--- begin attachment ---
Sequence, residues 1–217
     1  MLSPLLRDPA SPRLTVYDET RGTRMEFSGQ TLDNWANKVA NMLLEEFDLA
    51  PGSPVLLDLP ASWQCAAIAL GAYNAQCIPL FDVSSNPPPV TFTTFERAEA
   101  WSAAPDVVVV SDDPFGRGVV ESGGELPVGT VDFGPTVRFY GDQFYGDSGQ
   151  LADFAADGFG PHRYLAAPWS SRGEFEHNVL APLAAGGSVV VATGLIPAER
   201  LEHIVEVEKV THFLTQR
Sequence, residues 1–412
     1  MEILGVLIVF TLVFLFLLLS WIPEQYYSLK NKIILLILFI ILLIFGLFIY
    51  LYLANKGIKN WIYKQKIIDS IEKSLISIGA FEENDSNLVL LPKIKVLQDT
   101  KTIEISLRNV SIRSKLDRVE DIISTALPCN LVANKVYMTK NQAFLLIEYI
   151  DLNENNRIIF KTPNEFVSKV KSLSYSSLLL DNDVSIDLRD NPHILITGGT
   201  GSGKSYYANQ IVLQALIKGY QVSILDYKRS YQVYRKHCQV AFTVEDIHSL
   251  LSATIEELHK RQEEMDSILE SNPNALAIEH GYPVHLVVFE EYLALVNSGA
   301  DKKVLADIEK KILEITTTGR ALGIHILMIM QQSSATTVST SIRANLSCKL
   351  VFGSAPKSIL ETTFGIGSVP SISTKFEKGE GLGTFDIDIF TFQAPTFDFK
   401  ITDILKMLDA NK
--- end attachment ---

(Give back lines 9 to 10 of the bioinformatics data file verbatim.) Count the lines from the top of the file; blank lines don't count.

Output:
    51  LYLANKGIKN WIYKQKIIDS IEKSLISIGA FEENDSNLVL LPKIKVLQDT
   101  KTIEISLRNV SIRSKLDRVE DIISTALPCN LVANKVYMTK NQAFLLIEYI